production,” Krug said. “It is information that would be comparable to a
freshmen and sophomore college course program. Our goal was to provide an
educational resource for people who work in the industry who didn’t receive a
formal education in greenhouse production. If you are grower in a greenhouse without
the formal training or education, this program allows a person to get a handle
on some of the basics on nutrition, insects and diseases. A person can choose
to listen to any of the videos, which run 20 minutes or less. Most of the
information is basic concepts so it is not going to be changing.”

Krug said the e-GRO team is looking to set up a
certificate program for e-GRO University.

“Listening to any of the programs is free,” he said. “The
certificate program will enable interested growers in holding themselves
accountable and will indicate that a person successively completed the
lectures. The certificate will indicate that a person successfully completed
e-GRO University. There will be five different modules and a quiz at the end of
each module. A person will be able to choose how many of the modules they want
to complete.”

Krug said the e-GRO University program can also be used
by growers for new employees who don’t have any experience or limited
experience in different aspects of growing.

“By offering a certificate program to employees, this
enables employees to be held accountable for the modules that they have
completed,” he said. “We’re hoping that employers will use this for their
employees. We wanted to offer something more for the greenhouse employees.”

Krug said the e-GRO University program can also be used
by vocational teachers who have access to a greenhouse and who may need to
familiarize themselves with the basics before they and their students try to
start growing plants in the facility. This could be a continuing education
program for the teachers as well as a learning resource for the students.”


Other resources available to visitors of the e-GRO
website include:

* Webinars.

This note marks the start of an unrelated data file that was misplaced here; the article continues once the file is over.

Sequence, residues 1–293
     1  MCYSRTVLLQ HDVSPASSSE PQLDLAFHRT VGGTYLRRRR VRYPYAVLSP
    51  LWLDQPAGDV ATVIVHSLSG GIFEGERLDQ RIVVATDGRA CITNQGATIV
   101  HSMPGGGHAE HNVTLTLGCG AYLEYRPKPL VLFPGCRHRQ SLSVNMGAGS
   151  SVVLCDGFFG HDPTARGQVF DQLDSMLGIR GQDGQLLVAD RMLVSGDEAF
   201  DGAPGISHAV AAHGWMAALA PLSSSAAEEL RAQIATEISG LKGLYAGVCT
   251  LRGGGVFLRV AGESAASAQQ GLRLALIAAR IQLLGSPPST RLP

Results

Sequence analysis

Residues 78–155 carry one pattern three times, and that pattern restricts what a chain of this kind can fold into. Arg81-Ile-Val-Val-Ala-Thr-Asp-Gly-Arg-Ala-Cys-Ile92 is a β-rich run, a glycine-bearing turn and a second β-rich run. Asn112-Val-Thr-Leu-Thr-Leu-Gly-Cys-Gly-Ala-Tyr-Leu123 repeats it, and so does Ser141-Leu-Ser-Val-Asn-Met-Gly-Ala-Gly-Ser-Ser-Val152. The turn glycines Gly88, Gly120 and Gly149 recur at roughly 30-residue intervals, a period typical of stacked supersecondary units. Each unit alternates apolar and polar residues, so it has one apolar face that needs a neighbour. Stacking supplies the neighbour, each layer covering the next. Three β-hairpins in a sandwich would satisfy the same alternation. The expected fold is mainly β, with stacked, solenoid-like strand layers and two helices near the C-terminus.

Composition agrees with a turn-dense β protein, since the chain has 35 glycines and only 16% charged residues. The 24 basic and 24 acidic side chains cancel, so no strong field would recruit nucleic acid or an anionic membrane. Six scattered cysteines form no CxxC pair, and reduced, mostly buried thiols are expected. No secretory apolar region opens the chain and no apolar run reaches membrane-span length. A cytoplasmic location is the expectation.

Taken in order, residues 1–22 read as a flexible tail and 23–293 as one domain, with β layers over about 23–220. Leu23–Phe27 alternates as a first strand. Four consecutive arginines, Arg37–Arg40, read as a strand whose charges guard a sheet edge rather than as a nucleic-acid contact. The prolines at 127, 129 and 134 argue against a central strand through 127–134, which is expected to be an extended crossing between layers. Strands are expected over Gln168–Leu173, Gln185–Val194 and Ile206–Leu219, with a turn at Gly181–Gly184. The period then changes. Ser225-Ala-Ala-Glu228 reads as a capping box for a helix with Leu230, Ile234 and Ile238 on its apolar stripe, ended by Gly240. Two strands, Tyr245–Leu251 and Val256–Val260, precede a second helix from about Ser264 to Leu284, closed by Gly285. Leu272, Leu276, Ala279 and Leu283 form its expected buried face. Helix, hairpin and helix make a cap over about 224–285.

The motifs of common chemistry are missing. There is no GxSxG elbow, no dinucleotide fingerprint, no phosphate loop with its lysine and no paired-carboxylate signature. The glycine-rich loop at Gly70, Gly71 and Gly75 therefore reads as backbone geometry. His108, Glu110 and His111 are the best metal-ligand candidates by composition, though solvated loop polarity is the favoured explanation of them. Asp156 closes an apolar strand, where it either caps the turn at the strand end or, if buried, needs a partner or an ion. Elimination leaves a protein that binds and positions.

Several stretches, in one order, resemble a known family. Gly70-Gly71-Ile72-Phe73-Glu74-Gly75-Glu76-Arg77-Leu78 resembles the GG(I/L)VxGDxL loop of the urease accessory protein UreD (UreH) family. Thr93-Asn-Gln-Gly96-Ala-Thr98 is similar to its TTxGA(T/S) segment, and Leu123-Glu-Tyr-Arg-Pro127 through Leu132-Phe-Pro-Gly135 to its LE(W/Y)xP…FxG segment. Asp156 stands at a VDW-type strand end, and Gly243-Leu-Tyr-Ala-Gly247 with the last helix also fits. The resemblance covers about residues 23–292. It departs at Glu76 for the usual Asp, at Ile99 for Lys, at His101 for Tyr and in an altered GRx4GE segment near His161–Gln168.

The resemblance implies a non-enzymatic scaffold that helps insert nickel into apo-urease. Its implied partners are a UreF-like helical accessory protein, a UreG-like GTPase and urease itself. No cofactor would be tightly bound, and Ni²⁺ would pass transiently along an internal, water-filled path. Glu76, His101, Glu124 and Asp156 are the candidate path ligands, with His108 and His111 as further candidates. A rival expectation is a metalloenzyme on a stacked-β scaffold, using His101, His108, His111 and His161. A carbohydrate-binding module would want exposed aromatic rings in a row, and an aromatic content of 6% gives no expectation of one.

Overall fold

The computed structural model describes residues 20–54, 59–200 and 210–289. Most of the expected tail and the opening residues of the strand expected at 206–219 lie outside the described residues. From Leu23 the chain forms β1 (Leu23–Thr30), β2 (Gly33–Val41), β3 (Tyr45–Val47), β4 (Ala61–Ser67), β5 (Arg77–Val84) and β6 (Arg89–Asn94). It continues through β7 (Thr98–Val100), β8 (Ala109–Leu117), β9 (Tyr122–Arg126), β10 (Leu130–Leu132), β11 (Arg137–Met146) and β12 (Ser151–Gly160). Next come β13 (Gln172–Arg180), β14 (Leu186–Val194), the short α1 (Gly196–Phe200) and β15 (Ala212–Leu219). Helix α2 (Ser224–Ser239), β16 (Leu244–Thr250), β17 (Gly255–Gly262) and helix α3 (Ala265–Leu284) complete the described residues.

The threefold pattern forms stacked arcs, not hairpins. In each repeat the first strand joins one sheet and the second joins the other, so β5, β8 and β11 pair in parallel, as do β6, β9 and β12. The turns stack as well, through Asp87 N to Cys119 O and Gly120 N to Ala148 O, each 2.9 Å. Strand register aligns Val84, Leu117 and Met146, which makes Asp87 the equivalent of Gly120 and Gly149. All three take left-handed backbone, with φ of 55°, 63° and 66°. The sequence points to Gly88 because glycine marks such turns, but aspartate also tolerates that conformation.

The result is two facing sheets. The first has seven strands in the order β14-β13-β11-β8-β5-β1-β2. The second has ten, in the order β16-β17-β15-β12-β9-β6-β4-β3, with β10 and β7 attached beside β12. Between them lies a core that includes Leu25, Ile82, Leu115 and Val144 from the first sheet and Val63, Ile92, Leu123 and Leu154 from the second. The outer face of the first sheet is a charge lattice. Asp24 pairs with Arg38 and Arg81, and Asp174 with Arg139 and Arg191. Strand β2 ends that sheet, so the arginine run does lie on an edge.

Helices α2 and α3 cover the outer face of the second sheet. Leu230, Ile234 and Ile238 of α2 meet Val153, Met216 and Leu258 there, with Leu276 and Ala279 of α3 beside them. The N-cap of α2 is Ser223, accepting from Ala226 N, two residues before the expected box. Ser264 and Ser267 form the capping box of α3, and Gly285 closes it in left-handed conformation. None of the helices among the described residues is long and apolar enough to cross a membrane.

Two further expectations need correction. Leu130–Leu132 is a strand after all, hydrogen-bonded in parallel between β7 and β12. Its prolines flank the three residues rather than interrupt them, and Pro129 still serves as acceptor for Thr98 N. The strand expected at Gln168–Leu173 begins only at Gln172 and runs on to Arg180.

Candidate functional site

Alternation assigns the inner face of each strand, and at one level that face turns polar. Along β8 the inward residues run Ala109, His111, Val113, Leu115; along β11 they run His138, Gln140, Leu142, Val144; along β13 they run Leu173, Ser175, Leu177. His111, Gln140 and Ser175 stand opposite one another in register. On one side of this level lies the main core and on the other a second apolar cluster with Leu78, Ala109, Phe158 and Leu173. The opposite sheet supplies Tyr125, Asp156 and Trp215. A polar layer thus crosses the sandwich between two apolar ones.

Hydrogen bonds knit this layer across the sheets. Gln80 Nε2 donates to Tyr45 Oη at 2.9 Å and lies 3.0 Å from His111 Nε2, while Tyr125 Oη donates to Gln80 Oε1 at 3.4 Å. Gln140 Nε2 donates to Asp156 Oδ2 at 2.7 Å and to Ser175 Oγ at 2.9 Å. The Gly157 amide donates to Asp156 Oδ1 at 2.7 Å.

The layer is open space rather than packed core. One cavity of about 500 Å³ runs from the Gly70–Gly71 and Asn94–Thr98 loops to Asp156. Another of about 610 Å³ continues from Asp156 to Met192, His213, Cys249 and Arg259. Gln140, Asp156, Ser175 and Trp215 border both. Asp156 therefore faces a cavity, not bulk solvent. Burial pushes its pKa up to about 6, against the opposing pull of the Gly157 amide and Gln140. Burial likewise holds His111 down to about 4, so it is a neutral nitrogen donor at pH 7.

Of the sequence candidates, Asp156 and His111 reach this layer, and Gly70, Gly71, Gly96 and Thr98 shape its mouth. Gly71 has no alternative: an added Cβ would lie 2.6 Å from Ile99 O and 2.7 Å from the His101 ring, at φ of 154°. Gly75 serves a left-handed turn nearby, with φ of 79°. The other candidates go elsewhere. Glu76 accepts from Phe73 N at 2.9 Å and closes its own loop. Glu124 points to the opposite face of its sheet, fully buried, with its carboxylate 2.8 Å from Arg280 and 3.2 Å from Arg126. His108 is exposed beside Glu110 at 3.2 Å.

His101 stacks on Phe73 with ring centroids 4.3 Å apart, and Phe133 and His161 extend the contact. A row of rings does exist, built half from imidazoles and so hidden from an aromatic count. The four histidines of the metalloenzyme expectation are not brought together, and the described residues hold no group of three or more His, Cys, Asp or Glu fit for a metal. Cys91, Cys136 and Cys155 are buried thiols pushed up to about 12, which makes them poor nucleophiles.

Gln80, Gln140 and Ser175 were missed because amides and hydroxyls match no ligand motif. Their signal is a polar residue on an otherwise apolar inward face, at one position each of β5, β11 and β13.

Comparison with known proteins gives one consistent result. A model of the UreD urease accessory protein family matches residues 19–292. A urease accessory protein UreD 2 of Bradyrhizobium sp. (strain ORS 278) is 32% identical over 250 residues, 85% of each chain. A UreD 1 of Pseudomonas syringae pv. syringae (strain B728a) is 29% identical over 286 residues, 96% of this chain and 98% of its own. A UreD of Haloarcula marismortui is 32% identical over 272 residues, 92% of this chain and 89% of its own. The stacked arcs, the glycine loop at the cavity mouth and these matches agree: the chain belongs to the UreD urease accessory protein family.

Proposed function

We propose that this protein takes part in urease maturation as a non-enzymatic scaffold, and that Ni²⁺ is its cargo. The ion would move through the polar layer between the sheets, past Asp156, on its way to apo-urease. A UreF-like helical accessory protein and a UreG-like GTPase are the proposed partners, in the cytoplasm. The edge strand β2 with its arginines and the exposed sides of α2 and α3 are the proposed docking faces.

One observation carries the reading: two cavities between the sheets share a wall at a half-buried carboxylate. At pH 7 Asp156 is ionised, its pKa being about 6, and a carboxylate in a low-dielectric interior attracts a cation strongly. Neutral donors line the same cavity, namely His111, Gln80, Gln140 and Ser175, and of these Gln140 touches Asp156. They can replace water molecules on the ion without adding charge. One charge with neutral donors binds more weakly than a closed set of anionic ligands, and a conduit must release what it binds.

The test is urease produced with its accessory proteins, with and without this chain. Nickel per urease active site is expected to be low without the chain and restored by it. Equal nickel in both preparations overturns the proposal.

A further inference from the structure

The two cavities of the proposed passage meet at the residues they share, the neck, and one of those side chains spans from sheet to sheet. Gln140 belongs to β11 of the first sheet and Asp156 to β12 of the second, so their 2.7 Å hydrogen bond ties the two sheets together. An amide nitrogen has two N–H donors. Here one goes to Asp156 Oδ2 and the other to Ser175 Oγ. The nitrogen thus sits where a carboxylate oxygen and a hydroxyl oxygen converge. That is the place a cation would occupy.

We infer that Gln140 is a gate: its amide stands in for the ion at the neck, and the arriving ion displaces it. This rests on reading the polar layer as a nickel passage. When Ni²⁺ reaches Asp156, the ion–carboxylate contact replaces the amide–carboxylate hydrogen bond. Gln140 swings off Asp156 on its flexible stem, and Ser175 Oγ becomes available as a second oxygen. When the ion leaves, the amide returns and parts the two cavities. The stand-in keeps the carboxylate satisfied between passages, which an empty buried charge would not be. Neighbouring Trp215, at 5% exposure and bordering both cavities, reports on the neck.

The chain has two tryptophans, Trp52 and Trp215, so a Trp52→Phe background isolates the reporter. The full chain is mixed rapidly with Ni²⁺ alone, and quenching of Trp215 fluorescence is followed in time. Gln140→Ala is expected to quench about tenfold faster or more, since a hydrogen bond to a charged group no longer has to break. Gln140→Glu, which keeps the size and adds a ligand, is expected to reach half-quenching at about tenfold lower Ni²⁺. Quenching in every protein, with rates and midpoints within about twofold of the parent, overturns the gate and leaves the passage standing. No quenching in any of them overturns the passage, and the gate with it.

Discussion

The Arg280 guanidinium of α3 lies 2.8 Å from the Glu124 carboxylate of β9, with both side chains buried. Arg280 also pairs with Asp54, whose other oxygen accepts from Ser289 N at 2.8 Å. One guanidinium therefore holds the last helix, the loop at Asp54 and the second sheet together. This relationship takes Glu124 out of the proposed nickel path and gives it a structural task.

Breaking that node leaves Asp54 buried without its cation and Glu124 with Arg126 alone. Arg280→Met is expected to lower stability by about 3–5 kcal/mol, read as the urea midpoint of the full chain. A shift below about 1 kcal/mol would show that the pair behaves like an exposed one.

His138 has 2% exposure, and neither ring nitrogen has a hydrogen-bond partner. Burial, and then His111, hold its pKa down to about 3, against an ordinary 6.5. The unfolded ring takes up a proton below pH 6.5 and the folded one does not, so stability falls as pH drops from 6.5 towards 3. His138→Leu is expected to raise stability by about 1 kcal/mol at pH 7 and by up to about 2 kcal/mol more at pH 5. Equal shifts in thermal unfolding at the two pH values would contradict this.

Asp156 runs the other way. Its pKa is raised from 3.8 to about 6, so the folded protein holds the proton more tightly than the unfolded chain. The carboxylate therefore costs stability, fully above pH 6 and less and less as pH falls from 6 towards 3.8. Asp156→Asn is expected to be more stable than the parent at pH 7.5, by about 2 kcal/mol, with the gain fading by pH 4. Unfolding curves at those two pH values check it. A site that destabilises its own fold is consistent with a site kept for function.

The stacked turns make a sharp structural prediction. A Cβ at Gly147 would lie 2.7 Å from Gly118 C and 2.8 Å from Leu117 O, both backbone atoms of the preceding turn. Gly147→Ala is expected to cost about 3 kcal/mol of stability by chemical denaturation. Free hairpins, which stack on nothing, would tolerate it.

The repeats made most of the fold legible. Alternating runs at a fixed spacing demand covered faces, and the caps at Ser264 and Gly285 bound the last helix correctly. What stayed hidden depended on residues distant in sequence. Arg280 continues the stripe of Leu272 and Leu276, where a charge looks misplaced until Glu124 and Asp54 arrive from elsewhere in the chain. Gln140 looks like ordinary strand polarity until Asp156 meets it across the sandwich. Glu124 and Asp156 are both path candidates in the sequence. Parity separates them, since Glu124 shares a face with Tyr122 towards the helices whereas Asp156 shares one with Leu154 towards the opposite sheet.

This is the newest resource being offered by the e-GRO. The series kicks off
with “Poinsettia Troubleshooting,”
a two-hour webinar on Sept. 18 that will focus on troubleshooting poinsettia
problems. Ray Cloyd will discuss key insect identification and control issues.
Brian Whipker will focus on nutrition disorder identification and management. North
Carolina State University plant pathologist Kelly Ivors will cover disease
identification and control.

* Podcasts. About 200 podcasts have been
completed by members of the e-GRO team in cooperation with Greenhouse Grower
magazine over the last three to four years. Krug said linking the podcasts on
e-GRO enables growers to search for the episodes they want to view.

* e-GRO Bookstore. Brian Whipker has created five
electronic books that are available for the iPad. Krug said that Whipker plans
to continue to create new books for the library. Books currently available

1. Selecting and Using Plant Growth Regulators on
Floricultural Crops. This free publication was done in collaboration with Joyce
Latimer at Virginia Tech and Brian Whipker at North Carolina State University.

2. e-GRO Volume One: Poinsettia
3. e-GRO Alert Volume Two
4. e-GRO Volume Three: Primula
5. e-GRO Alert Volume Four: Sclerotinia

* Floriculture InfoSearch. Although this resource is independent of the e-GRO team, the
members felt it was worth adding to the website. John Dole, professor and head
of the Department of Horticultural Science at North Carolina State University,
partnered with American Floral Endowment to create the Floriculture InfoSearch
engine. This search engine provides convenient and comprehensive access to
floriculture literature, videos and presentations. Information is available from
scientific literature and trade and association magazines and websites. The
Floriculture InfoSearch website also contains a floriculture archive with
materials dating back to the early-1800s from AFE, North Carolina State,
scientific journals and trade publications.

For more:
Brian Krug, (603) 862-0155; brian.krug@unh.edu.

David Kuack is a freelance technical writer in Fort
Worth, Texas; dkuack@gmail.com.